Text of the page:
The Miami Marlins have been having a fire sale of most of their best players since Derek Jeter’s ownership group took over. Giancarlo Stanton, Dee Gordon and Marcell Ozuna have already been dealt, and catcher J.T. Realmuto reportedly expressed his desire to be traded.
Christian Yelich might be next on the list of Marlins veterans to go. So here’s a rumor for you:
Now. I don’t know of the reliability of this information and I haven’t seen it corroborated by any other Cubs writer, so it might be just noise.
But let’s talk about it anyway.
Yelich was the Marlins’ No. 1 pick in 2010, 23rd overall. (Note: that was seven picks after the Cubs took Hayden Simpson.)
He made his major-league debut in 2013 and has been a regular Marlins outfielder ever since. Last year he became the team’s full-time center fielder (155 games played there, 150 starts) and over the last two seasons has bumped his offensive game up a level, hitting .298/.376/.483 in 2016 with 21 home runs and .282/.369/.439 with 18 home runs and 16 stolen bases in 2017, when he also posted a career high in walks (80) that ranked 10th in the National League.
Clearly, anyone who hits like this would look good in the Cubs lineup. But what would it take to get him?
Yelich is signed to a team-friendly contract that will pay him $43.25 million over the next four seasons, through 2021. There’s a $15 million team option for 2022 with a $1.25 million buyout.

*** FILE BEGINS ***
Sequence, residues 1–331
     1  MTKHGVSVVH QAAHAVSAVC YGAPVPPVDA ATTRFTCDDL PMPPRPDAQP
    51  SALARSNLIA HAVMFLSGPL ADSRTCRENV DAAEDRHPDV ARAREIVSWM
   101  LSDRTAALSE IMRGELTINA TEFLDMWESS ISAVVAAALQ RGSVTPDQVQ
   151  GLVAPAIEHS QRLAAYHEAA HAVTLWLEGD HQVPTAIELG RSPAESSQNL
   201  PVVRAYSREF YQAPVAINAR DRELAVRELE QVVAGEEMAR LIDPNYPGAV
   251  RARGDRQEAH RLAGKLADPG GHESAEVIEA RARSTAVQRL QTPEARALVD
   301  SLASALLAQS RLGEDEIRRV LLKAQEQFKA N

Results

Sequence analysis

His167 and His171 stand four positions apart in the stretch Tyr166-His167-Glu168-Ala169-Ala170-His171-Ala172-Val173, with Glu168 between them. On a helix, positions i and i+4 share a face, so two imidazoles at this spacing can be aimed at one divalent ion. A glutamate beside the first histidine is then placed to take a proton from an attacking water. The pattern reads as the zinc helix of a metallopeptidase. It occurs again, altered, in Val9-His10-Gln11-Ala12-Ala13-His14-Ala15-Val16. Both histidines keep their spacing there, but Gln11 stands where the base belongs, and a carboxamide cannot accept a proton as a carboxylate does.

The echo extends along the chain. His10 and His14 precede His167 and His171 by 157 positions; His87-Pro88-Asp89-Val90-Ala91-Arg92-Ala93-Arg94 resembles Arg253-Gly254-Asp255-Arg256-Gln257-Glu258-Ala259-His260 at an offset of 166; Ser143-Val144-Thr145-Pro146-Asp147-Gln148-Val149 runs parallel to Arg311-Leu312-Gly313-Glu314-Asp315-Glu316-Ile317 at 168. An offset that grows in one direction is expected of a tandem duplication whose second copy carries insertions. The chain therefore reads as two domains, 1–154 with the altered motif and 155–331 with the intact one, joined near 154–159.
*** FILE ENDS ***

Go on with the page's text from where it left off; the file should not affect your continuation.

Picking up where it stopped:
If the Cubs were to trade for Yelich, he’d almost certainly be installed as the team’s regular center fielder, which means Albert Almora Jr. would likely go back to Miami in the deal. Despite being in the major leagues for almost five full seasons, Yelich is only 2½ years older than Almora. He just turned 26 earlier in December.
Almora is a Miami-area native, so that could be a selling point for the likely vanishing Marlins fanbase.
Beyond that I’d expect the Cubs would want to send prospects back to the Marlins. I’m not sure who I’d add to that deal. Perhaps the Marlins could be enticed to take Justin Grimm, to give the Cubs some salary relief (Grimm’s probably in line to make about $3 million this year).
Would you do this? I’m a big fan of Almora, but Yelich could certainly more than replace him offensively. Defensively, though, this is likely somewhat of a downgrade. Yelich, with a career OBP of .369, could solve the Cubs’ leadoff hitter issue.